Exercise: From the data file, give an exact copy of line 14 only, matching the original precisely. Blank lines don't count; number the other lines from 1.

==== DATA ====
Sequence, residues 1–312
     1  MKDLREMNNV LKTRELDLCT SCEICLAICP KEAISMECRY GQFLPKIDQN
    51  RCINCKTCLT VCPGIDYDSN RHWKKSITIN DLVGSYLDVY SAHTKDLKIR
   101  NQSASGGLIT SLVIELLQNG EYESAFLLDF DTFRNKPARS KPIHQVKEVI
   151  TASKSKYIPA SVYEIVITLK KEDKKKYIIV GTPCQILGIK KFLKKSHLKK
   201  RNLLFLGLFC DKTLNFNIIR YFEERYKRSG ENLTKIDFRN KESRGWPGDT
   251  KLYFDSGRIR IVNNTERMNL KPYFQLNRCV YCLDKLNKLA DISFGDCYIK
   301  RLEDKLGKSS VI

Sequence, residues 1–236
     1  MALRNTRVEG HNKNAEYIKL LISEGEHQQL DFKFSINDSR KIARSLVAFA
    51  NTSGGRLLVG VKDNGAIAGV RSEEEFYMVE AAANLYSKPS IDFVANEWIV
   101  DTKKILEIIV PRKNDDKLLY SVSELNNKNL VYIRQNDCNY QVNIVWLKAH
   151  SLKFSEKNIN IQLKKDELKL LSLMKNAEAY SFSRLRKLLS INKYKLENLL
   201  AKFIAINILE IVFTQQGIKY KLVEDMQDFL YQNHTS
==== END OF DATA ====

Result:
   201  AKFIAINILE IVFTQQGIKY KLVEDMQDFL YQNHTS